Rachel Alembakis finds that the formation of Australia's new government raises questions about the country's proposed pension overhaul
The new Australian government is noteworthy for several reasons – it is headed by the first elected woman prime minister, but more importantly, it is also the first government in which no one party holds a majority since 1940. The composition of government casts uncertainty over many policy goals, including superannuation. Hanging in the balance are major decisions affecting the structure and function of the superannuation industry, including a move to raise the employer contribution to superannuation funds from 9% of salary to 12% by 2020.
Earlier in 2010, two sweeping reports were made public. Off the back of a wide-ranging tax review, the government proposed raising the so-called superannuation guarantee (SG) by 3% over the next decade. Later in the year, a report into the operations, governance, efficiency and structure of the industry known as the Cooper Review proposed a wide variety of changes to how the industry operates, including the creation of a standard default fund option that must be made available to fund members.
However, as a result of August’s federal election, the Australian Labor Party and the opposition Liberal/National Coalition party each won 72 seats in the House of Representatives, four short of a majority. The ALP brokered deals with the one elected Green member of parliament and three of the four elected independent MPs, resulting in the return of the ALP and Prime Minister Julia Gillard to power. However, this slim and fractured minority means no legislation is guaranteed successful passage. Industry experts believe that some aspects of the Cooper Review, particularly those relating to creating operational efficiency, will pass without controversy. But legislation to create standard default funds – known as MySuper – and the SG increase look vulnerable.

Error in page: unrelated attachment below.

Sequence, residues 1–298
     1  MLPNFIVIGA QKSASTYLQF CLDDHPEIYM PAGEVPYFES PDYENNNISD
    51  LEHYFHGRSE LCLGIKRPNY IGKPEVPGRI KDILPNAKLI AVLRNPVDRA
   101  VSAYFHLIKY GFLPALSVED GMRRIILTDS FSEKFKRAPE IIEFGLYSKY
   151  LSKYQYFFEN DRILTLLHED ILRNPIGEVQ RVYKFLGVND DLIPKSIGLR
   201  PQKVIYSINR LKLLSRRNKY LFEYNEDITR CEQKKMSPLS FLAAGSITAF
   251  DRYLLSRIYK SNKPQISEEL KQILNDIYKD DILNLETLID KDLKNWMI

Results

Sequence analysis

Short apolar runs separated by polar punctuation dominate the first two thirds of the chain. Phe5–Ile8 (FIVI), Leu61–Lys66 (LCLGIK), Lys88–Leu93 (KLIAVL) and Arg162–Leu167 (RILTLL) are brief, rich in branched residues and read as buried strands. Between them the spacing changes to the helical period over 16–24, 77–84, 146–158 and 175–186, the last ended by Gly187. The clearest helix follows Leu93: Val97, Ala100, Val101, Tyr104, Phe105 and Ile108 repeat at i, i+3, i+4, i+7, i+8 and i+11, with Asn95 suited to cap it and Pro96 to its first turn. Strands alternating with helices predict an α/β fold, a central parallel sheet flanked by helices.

“I think it creates uncertainty, clearly. It’s really hard for us to get a gauge through our government affairs areas of what could or couldn’t happen,” said Scott Hartley, general manager, corporate and institutional wealth at MLC, part of NAB Wealth. “There are a lot of questions about three reviews – the future of financial advice, Henry and Cooper. They’re all interesting proposals, and all have their merits. The question will be what will be put to parliament and what will be passed.”
When first mooted by government, the SG increase was proposed to begin in the 2013 financial year with a 0.25% increase. At the same time, the government proposed a tax rebate for low-income workers to ameliorate the effects of the 15% contributions tax, leaving a cap of A$50,000 annual contributions for those with retirement balances of A$500,000 or less and extending the SG to age 75. The SG increase was linked to a reduction in corporations tax to offset the cost of business. Both of those moves were dependent on the passage of a new tax on the mining industry. The mining tax was not passed before the August election, and thus has become an issue for debate in this parliamentary session. In turn, the SG is equally up in the air.